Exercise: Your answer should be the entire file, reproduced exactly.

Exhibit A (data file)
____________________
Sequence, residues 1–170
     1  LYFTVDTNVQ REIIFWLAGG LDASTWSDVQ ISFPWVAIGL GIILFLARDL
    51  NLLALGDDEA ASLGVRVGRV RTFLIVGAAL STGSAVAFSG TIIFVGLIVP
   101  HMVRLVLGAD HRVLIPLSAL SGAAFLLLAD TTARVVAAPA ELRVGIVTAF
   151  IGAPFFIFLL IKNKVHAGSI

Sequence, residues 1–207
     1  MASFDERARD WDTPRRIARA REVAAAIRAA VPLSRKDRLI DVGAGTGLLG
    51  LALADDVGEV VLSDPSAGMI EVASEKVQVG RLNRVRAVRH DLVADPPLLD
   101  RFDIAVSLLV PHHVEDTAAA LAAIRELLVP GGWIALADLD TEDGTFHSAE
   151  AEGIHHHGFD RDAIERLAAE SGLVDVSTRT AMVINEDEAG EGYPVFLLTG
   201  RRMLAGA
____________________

Sequence, residues 1–170
     1  LYFTVDTNVQ REIIFWLAGG LDASTWSDVQ ISFPWVAIGL GIILFLARDL
    51  NLLALGDDEA ASLGVRVGRV RTFLIVGAAL STGSAVAFSG TIIFVGLIVP
   101  HMVRLVLGAD HRVLIPLSAL SGAAFLLLAD TTARVVAAPA ELRVGIVTAF
   151  IGAPFFIFLL IKNKVHAGSI

Sequence, residues 1–207
     1  MASFDERARD WDTPRRIARA REVAAAIRAA VPLSRKDRLI DVGAGTGLLG
    51  LALADDVGEV VLSDPSAGMI EVASEKVQVG RLNRVRAVRH DLVADPPLLD
   101  RFDIAVSLLV PHHVEDTAAA LAAIRELLVP GGWIALADLD TEDGTFHSAE
   151  AEGIHHHGFD RDAIERLAAE SGLVDVSTRT AMVINEDEAG EGYPVFLLTG
   201  RRMLAGA